Human Security and Reconstruction Efforts in Rwanda: Impact on the Lives of Women


Gervais, Myriam. 2004. “Human Security and Reconstruction Efforts in Rwanda: Impact on the Lives of Women.” Development in Practice 13 (5): 542-550.

Author: Myriam Gervais


This paper evaluates the pertinence of interventions sponsored by aid agencies that seek to meet the security needs of women in post-reconstruction Rwanda. Personal security, economic security, and socio-political security are used as the main methodological reference marks and indicators. The information and data used in the paper were gathered during several visits to Rwanda in 2001 and 2002. The study reveals that efforts have brought about positive impacts on the lives of women. However, findings also show that specific strategies aimed at increasing women's security would better benefit them if they were more consistently planned so as to take into consideration the ways in which issues of poverty, gender, and security intersect.

Keywords: women's land rights, women, economic security, socio-political security, reconstruction


  • The author examines a sample of initiatives and evaluates how pertinent the interventions sponsored by aid agencies that seek to meet the security needs of women have been. A look at the projects undertaken in Rwanda during the reconstruction period reveals that there were two types of initiatives aimed at supporting women's efforts to respond to the crisis caused by conflict and genocide: the formation of solidarity groups and production associations, and the establishment of advocacy groups and women's collectives. These associations have also taken on the task of providing legal and medical assistance services, forming groups to assist survivors, and providing business advice. The document describes how with the collaboration of local people, some non governmental organisations (NGOs) built houses in various parts of the country and tended to the most needy. By giving priority to the most vulnerable and by making this a condition for funding, NGO projects promoted the taking into account of women's needs in housing programmes. In many cases, women signed individual contracts recognised by communal authorities. The signing of a contract between a woman, the local authority, and the NGO brought about a major change: women and girls were recognised as owners of their homes. The document then considers other issues such as economic security and socio-political security.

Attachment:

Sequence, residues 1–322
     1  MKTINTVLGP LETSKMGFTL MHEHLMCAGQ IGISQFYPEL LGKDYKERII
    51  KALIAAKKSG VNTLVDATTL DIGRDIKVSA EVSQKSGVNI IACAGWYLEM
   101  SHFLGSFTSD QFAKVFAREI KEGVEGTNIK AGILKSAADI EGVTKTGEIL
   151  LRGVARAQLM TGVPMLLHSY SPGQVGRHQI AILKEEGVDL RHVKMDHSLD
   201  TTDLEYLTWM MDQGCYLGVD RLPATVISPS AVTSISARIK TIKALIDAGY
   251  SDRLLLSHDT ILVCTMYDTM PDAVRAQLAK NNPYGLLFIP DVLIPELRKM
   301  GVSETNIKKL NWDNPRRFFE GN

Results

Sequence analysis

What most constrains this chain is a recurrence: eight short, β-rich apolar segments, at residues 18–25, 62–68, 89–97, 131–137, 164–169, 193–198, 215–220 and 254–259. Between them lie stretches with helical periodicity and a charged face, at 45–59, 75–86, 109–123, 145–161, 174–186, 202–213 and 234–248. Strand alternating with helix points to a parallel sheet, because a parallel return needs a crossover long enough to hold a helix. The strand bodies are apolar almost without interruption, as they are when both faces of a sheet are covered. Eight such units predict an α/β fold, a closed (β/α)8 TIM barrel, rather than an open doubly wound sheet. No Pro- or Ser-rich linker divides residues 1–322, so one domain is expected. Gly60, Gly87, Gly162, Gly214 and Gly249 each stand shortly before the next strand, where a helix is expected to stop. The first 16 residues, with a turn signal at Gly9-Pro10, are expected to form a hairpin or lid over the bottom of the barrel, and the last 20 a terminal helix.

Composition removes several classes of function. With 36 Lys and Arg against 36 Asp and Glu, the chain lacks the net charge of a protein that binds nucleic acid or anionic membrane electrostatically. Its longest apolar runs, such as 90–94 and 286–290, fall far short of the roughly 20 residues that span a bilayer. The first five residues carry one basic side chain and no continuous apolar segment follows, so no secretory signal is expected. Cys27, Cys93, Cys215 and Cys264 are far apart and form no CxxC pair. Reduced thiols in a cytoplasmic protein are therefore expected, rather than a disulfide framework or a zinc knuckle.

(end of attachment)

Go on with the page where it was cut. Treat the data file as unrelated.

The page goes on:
“Promoting human security in post-conflict societies means taking specific actions that support a safe environment, social harmony, equal status, and equitable access to resources and to the decision-making process.” (542)

“Gender-based violence still remains high during reconstruction periods, proving that peace is not enough to ensure women’s security. In many cases, women are also confronted with radically changed realities: they have to assume new roles and new responsibilities at the family and community levels, and in so doing they are more susceptible to new forms of insecurity.” (543)

“Rwanda’s agriculture-based economy was completely destroyed by the war, forcing most of its population to live in a state of extreme precariousness. The food shortages caused by the destruction of crops and the severe reduction in cultivated land was aggravated by the inability of many households to obtain the labour they needed. In 1996, 34 per cent of families—with an average of six to seven young dependants— were headed by widows, unmarried women, and wives of prisoners suspected of genocide…64 per cent  of labour force in basic production is female.” (544)

“It is conventionally considered unacceptable for women to inherit from their families. Since girls who are heads of family enjoy no protection, they live in a climate of permanent insecurity and are vulnerable to attempts at intimidation and sexual assault, particularly at night.”(545)

“Following the genocide, one of the challenges for female heads of household was to secure a cultivable plot of land in order to ensure their family’s subsistence. One frequently observed way of doing this was to join an associative group.” (546)

Topics: Gender, Women, Girls, Gender-Based Violence, Gendered Power Relations, Gender Equality/Inequality, Gender Equity, Genocide, Households, Livelihoods, NGOs, Post-Conflict, Post-Conflict Reconstruction, Rights, Land Rights, Property Rights, Women's Rights, Security, Human Security Regions: Africa, Central Africa, East Africa Countries: Rwanda

Year: 2004

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